Official Title: Pediatric Dysphagia Outcomes After Injection Laryngoplasty for Type I Laryngeal Cleft

Resource links provided by NLM:


Further study details as provided by Maria de Lourdes Quintanilla-Dieck, MD, Oregon Health and Science University:

Primary Outcome Measures:
  • Change in quality of life [ Time Frame: 3-4 months after procedure ]
    Measured via previously validated pediatric quality of life survey for dysphagia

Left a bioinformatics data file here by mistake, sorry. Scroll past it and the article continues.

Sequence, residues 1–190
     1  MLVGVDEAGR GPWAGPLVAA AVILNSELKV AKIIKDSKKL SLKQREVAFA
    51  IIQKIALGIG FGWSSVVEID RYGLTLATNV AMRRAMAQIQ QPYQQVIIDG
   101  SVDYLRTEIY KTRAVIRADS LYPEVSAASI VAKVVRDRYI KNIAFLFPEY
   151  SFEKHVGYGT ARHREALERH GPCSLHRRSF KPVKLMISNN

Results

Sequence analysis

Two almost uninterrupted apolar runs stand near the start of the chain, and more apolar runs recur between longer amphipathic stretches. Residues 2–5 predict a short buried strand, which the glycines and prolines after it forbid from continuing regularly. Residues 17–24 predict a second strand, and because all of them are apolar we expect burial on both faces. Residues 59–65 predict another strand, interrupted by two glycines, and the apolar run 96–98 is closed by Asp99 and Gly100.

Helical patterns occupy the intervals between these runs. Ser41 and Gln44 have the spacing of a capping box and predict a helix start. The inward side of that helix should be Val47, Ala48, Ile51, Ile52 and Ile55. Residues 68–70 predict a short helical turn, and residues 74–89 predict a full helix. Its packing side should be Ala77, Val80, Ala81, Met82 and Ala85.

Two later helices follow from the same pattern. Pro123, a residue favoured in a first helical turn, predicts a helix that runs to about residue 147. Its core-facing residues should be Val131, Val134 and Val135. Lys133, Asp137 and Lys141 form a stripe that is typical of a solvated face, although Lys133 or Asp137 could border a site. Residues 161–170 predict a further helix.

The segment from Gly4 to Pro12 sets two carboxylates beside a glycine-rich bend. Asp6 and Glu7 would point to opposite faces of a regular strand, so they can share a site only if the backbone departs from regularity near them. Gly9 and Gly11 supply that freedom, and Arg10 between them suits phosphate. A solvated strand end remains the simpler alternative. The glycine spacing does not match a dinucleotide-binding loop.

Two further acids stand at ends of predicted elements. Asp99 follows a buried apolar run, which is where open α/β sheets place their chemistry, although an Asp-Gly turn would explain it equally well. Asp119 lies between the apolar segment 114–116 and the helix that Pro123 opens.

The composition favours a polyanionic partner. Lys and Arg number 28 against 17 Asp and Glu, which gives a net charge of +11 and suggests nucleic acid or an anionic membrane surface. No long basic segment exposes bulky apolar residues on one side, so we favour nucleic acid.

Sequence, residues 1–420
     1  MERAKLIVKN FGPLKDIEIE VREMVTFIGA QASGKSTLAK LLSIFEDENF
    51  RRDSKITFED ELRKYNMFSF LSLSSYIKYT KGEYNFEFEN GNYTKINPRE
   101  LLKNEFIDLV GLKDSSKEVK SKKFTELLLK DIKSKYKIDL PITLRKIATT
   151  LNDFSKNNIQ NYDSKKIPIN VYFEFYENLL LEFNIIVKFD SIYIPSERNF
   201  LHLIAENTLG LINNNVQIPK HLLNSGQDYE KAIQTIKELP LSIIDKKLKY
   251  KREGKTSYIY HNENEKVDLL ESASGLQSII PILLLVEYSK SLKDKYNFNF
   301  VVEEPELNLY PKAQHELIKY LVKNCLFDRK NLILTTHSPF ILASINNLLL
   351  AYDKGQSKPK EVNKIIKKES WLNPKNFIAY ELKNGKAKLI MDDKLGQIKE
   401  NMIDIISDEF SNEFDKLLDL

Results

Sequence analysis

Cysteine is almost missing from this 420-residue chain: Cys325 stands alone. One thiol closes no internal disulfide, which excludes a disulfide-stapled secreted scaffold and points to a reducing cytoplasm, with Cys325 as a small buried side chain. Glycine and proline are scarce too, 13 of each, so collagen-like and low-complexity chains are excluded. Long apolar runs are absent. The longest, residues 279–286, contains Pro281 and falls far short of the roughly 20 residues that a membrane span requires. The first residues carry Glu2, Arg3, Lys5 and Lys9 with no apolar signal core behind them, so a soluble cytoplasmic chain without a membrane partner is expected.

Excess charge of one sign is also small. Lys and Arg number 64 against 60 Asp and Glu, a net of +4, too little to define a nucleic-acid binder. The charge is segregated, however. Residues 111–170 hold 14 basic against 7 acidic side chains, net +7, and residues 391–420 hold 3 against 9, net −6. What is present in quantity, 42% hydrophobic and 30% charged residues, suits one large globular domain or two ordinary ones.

Enrollment: 50
Study Start Date: January 2012
Study Completion Date: May 15, 2015
Primary Completion Date: May 15, 2015 (Final data collection date for primary outcome measure)
Intervention Details:
    Procedure: Injection laryngoplasty
    Patients will undergo a direct microlaryngoscopy in the operating room for diagnostic purposes. In patients in whom laryngeal cleft is diagnosed, injection laryngoplasty will be carried out using sodium carboxymethylcellulose aqueous gel (commercial name Radiesse) injection material.
Detailed Description: